With the recently published study “Requirements for a CO₂ infrastructure in Germany - Achieving climate neutrality in the cement, lime and waste incineration sectors” VDZ highlights the unavoidable CO₂ emissions to be expected and analyses how the short, medium and long-term CO₂ transport requirements in the three sectors will develop and how a CO₂ infrastructure should be designed. 

The development of CO₂ capture over time is decisive for transport requirements. “Many cement manufacturers are in the starting blocks with their CO₂ capture projects. What is missing is the national legal framework and a suitable transport infrastructure”, emphasises VDZ Managing Director Martin Schneider.

In the main scenario of the study, climate neutrality in the three sectors considered results in an annual CO₂ transport demand in Germany of 6.5 million tonnes in 2030, around 13 million tonnes in 2035 and around 35 million tonnes in 2040. The total quantity increases to 46 million tonnes by 2045 because the biogenic CO₂ share will also be captured, so that even negative emissions are achieved. Additional quantities for transit from the neighbouring countries of Austria, Switzerland and France amounting to 15 to 20 million tonnes of CO₂ per year must also be taken into account from 2035 on.

The rapid development of a CO₂ pipeline network by 2035 at the latest would enable cumulative CO₂ savings of around 500 million tonnes of CO₂ over 20 years in the sectors under consideration. It is worth noting that if the start of pipeline transport is significantly delayed, cumulative savings of only around 230 million tonnes of CO₂ can be achieved. In this case, an additional 270 million tonnes of CO₂ would be released into the atmosphere and climate neutrality in Germany would not be achieved by 2045.

The analysis shows clearly that in the medium and long term, in view of the expected quantities, the majority of CO₂ will have to be transported via pipeline. “The early establishment of a CO₂ pipeline network is crucial in this case. The first project announcements have been made by network operators, on the basis of which this study shows the prospects for a nationwide CO₂ network”, explains Manuel Mohr, project manager of the study at VDZ. In certain cases, however, the train and possibly the ship will also play a relevant role, as the scenarios analysed show. 

This results in different technical requirements for each of the transport options which have a direct impact on the economic efficiency of the transport chain. Another key factor is the timely connection of the sites to the CO₂ infrastructure. Regarding rail and ship transport in particular, considerable investment is also required in the loading infrastructure at the sites.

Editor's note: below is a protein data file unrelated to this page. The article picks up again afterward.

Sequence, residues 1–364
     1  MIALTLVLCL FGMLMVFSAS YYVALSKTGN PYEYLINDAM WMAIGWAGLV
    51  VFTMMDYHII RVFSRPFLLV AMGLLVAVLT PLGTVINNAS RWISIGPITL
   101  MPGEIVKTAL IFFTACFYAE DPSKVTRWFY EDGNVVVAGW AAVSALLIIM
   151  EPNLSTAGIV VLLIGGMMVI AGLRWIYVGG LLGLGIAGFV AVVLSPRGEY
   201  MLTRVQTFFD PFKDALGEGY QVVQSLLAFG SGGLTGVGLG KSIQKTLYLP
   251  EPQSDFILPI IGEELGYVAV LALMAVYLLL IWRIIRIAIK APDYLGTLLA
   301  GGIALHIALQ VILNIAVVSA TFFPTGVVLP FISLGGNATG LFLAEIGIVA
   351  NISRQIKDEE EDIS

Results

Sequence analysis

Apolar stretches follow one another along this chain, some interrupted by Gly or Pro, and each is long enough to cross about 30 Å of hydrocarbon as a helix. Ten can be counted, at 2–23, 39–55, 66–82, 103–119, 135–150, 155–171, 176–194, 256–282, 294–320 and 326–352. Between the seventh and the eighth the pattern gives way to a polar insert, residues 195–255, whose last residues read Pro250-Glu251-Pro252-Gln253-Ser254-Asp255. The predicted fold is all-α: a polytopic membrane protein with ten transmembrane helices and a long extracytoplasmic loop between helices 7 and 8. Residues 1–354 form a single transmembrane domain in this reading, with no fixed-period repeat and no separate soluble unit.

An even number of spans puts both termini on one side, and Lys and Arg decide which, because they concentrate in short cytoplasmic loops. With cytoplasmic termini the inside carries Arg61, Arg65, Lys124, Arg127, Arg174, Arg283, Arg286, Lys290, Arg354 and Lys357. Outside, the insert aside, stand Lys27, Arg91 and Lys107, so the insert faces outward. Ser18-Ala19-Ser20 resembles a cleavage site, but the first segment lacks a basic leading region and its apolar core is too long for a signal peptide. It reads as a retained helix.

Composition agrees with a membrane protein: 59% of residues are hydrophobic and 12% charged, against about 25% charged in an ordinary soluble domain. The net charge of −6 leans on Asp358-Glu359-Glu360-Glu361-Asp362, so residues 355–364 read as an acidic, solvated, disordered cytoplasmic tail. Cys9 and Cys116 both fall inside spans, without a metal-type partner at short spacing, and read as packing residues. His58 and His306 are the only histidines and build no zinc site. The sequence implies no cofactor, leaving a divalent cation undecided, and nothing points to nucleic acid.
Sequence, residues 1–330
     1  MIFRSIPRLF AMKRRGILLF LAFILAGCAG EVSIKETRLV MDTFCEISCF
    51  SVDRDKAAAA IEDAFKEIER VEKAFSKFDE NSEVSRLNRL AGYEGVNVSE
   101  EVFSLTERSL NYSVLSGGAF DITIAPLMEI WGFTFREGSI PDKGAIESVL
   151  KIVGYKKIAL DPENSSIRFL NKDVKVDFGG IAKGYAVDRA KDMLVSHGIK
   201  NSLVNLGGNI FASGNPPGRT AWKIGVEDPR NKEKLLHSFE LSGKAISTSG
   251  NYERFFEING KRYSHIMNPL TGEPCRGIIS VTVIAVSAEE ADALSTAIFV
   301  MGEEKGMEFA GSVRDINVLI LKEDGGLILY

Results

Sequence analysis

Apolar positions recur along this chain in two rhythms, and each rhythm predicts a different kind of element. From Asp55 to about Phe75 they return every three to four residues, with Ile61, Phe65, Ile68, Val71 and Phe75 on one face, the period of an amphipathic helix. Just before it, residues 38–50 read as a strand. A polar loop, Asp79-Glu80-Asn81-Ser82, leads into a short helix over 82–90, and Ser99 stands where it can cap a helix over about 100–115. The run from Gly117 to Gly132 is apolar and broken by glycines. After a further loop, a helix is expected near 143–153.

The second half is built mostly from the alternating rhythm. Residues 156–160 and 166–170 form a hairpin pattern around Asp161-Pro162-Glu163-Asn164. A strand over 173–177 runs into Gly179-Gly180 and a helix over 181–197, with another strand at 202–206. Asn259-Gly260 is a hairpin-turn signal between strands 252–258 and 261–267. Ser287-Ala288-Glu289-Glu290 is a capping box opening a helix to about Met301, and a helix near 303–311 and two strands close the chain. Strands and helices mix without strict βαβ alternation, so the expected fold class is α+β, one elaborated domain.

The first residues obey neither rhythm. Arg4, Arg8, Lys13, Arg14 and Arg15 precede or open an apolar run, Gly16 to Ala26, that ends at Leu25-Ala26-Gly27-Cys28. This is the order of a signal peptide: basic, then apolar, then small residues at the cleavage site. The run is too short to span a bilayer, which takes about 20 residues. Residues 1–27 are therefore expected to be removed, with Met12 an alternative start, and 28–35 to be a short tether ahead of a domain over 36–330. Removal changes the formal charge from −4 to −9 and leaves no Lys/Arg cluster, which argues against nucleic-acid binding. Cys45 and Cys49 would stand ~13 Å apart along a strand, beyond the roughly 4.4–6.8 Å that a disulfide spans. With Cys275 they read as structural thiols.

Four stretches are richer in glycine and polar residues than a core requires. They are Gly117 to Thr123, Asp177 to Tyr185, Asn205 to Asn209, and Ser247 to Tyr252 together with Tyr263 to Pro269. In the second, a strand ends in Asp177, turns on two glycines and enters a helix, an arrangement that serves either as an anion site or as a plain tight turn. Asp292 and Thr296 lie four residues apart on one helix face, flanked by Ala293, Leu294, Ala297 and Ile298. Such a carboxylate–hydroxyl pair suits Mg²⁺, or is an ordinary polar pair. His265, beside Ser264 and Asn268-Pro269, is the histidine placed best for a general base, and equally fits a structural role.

In addition to CO₂ transport, the required capacity of CO₂ sinks is a key factor for the rapid development of CO₂ capture over time. Numerous storage projects are currently being planned and developed in other European countries, meaning that significant storage capacities can currently be expected from the 2030s on - assuming they are realised as planned. “Germany is also called upon to contribute to the development of a European storage infrastructure and to take responsibility for its own CO₂ emissions. The draft of the Carbon Dioxide Storage and Transport Act (KSpTG) is very promising here, as it is intended to enable commercial offshore storage and pipeline transport in Germany”, says Schneider.

The VDZ study estimates the investment required for the construction of the identified German CO₂ pipeline network with a length of 4,800 kilometres at around 14 billion euros. This results in calculated costs for pipeline transport of CO₂ of 25 to 35 euros per tonne. For CO₂ transport by rail for distances of more than 500 km, costs of 35 to 60 euros per tonne CO₂ are expected. These costs may be lower for shorter transport distances.

In addition to building the infrastructure, the energy requirements are also considered. “CO₂ capture is generally very electricity-intensive. This is why the demand for renewable energy for climate-neutral cement and lime production in Germany will increase almost fourfold from today's level - from 4.7 TWh to around 17 TWh in 2045”, emphasises Schneider. The thermal energy demand in the three sectors will increase by almost 100,000 TJ per year or 20% compared to the status quo. 

”However, building a CO₂ infrastructure is not just a technical challenge. Above all, social and political support and the necessary legal framework for rapid implementation are crucial prerequisites. The latter must be in place by the end of 2024 at the latest if the projects for CO₂ capture in the industries are to be implemented as planned”, emphasises VDZ President Knell.

The Executive Summary of the VDZ study ”Requirements for a CO₂ infrastructure in Germany” is available to download free of charge at:


About VDZ:

VDZ was founded in 1877 as the Association of German Cement Manufacturers. As a joint organisation of German cement manufacturers, it has been committed to envi-ronmentally friendly cement production and high-quality concrete construction for more than 145 years. As a research and competence centre for cement, concrete and envi-ronmental protection, VDZ is recognised and valued worldwide for its practical research and comprehensive range of services along the entire value chain.

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